I am a postdoctoral researcher in American studies with a focus on the study of U.S. imperialism, Native American studies, transpacific studies, critical legal studies, ecocriticism, and postcolonial studies. In August 2019, I successfully defended my PhD thesis in American studies (summa cum laude) as part of my PhD-fellowship with the DFG-funded Research Training Group “Minor Cosmopolitanisms“ at the University of Potsdam. My PhD thesis, which is titled “The Territorialities of U.S. Imperialisms: Conflicting Discourses of Sovereignty, Jurisdiction and Territory in Nineteenth-Century U.S. Legal Texts and Indigenous Life Writing,” analyzes discourses of sovereignty, jurisdiction, and territoriality in legal and literary narratives on the North American continent and in the Pacific.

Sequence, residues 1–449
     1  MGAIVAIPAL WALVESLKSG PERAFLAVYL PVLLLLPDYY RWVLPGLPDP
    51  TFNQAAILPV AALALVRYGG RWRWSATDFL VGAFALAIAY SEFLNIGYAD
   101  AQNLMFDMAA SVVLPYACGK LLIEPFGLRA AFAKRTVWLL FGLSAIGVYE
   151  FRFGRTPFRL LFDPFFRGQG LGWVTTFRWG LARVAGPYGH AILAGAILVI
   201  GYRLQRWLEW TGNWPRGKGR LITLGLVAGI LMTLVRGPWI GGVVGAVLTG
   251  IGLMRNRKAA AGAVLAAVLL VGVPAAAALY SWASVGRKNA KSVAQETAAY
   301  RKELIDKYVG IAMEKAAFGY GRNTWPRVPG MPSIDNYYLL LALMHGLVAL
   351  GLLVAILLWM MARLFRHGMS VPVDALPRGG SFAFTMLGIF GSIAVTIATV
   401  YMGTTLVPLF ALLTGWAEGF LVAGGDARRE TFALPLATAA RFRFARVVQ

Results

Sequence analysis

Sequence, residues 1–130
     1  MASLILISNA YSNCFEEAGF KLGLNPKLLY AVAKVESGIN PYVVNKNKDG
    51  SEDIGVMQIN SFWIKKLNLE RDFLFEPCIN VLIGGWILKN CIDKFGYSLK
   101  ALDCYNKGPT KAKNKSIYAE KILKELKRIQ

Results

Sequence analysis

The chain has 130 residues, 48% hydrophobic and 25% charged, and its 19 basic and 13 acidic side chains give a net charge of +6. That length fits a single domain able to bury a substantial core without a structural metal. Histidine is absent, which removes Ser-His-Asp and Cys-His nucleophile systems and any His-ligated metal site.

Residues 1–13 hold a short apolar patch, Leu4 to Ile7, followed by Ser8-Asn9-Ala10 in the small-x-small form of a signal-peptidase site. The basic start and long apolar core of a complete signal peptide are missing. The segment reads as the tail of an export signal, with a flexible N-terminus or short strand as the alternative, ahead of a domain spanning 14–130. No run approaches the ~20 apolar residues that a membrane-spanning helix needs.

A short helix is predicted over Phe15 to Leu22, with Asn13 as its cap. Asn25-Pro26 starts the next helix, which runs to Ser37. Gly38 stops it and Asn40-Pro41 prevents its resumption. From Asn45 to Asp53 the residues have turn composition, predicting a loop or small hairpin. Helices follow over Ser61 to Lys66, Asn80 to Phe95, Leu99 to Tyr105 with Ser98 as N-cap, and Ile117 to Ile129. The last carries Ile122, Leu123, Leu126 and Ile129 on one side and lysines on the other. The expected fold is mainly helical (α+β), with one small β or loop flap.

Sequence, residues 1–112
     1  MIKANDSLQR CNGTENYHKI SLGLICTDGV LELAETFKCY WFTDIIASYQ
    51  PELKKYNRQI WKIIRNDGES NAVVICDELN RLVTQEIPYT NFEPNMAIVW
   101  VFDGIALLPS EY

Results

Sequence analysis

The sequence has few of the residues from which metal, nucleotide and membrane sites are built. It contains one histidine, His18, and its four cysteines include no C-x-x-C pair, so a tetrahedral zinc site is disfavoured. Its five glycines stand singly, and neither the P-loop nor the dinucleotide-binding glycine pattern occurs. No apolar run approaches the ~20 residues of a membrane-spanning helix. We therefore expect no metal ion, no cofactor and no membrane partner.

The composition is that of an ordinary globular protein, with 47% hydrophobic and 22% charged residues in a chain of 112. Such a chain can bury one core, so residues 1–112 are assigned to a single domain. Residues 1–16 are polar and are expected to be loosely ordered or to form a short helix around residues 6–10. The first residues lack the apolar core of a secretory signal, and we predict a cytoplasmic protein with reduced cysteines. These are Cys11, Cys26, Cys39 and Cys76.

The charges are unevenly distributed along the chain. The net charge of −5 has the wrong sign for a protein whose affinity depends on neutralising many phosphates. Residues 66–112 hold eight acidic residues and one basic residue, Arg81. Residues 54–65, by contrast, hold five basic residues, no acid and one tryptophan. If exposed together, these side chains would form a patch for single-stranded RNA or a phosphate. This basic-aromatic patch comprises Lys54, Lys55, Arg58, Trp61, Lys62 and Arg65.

Before joining the Research Training Group in Potsdam, I was teaching and research assistant (“Wissenschaftlicher Mitarbeiter”) at the American Studies division at Johannes Gutenberg University Mainz, Germany and the Department of English and American Studies in Potsdam, Germany. In 2016, I was DAAD-funded visiting scholar at the Center for Biographical Research at the University of Hawai‘i at Mānoa (USA). I have published a number of articles relating to U.S. imperialism in the Pacific and on Hawai’i, discourses of territoriality and legitimacy in the American Southwest, and representations of Mars colonization in contemporary U.S. literature and culture. I am also co-editor of an anthology published with Routledge titled Across Currents: Connections between Atlantic and (Trans)Pacific Studies and co-editor of a forthcoming special forum of the Journal for Transnational American Studies (JTAS) on “American Territorialities.”